Ian Delaney Doherty
A late night television screen flickering
Diluted lights on the horizon at bedtime
The work of a skilled abstract painter
A city whizzing by at night
Compact neon layering
Pretty geological segments
An exotic pinstripe suit
Seth Dorcus Maryland Institute College of Art 2014
“Three Floors and a Roof” - Maggie Gourlay
“Three Floors and a Roof” are three screen prints on paper depicting the layout of the floors of a house. The background is a beautiful Moroccan print that fades through darker and lighter shades. The focus of each of the three pieces are blueprint like images of floors, originally made out of string but now printed onto the paper. The floors are so perfectly meticulous that it is easy to imagine someone remembering there childhood home. However as the string ends it leaves an invitation for more memories and ideas to enter. The shadow of these blue prints gives the illusion of a floating room, an idea shifting and evolving, similar to the way these pieces are created. A feeling of happiness and nostalgia comes from these stunning pieces.
- Natalie Richard Montgomery HS ‘18
Michael Callaghan, Fire
It’s a careful marriage of pattern and spontaneity. Callaghan’s Fire, a natural beauty, has a calm but powerful constitution. Like the “quiet fire” of Bill Evan’s piano, this work is brilliant, but tempered. Rows of tape have been used by the artist to construct a grid on the canvas. The additive creates dimension and weight that are reinforced by a nearly monochromatic palette. Though at close proximity, one can see the vibrant yellow of the flame peeking through - the painting is not as monochromatic as it may have seemed. It becomes questionable whether the static grid is the foundation for the flame in this work, or vice versa. Ultimately it doesn’t matter which came first, for now they go together, and do so wonderfully.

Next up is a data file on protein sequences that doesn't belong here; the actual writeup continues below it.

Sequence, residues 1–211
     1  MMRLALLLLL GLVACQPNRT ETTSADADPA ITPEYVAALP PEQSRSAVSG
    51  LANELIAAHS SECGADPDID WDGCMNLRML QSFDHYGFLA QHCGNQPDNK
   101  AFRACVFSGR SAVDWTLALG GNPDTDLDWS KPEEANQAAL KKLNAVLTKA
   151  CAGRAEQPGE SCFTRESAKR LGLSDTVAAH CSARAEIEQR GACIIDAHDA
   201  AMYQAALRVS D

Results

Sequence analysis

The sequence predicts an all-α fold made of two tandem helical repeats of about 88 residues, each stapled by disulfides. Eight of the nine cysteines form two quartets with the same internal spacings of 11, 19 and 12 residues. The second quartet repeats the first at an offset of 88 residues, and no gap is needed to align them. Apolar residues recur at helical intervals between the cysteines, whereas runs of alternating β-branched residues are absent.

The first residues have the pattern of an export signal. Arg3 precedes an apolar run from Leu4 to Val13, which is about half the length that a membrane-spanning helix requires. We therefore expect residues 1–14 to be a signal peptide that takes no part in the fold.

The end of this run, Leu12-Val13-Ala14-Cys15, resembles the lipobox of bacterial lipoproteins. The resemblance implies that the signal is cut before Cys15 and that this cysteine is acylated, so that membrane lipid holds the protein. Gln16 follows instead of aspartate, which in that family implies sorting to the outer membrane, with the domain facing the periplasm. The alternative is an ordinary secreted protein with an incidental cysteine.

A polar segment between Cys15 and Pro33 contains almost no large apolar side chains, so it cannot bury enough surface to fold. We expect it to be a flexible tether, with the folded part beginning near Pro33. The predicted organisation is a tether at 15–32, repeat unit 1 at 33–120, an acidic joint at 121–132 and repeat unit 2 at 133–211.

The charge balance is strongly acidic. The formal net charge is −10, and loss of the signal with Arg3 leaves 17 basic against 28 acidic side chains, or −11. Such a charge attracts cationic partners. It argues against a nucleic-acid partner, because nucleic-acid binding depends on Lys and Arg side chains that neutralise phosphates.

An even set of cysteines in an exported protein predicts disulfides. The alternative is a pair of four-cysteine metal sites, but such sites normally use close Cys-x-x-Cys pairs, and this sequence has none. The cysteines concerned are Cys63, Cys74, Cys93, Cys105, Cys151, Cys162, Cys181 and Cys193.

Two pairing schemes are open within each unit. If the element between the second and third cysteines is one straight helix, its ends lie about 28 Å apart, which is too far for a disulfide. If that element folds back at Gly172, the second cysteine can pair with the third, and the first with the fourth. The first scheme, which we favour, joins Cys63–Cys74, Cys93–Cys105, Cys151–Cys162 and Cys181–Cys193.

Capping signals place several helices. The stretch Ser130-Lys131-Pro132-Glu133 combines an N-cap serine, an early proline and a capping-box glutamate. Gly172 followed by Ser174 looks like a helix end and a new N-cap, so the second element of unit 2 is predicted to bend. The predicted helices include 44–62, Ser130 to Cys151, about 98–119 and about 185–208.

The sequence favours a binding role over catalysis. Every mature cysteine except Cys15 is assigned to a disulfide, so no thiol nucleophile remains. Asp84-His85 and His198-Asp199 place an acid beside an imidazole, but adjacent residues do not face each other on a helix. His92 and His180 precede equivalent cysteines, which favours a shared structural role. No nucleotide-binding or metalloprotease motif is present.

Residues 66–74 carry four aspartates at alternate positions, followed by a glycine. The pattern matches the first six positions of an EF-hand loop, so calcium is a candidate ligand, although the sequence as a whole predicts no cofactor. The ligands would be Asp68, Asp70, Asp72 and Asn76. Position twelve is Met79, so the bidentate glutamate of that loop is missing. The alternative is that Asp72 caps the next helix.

Seth Dorcus MICA 2014
Lori Anne Boocks’ series “Small Boxes…Some on Fire” demonstrates striking earthly colors, lively brush strokes and underlying layers of text. The pairing of these paintings makes you think about the spacing and size of the colored boxes. When you pair just two of Lori’s paintings together, they begin this conversation about containment verses freedom. This work makes me think about the environment of the boxes meaning the surrounding text, colors and brush strokes. Parts of the work gives me sense of freedom because of her loose brush strokes, but it seems like she is demonstrating a struggle for freedom. The boxes seem to be a symbol for containment and isolation. The colors within the boxes have not fully blended in with the surrounding environment. Even the text looks different when inside the box verses when outside the box. While the text is illegible, it allows me a personal connection to the work.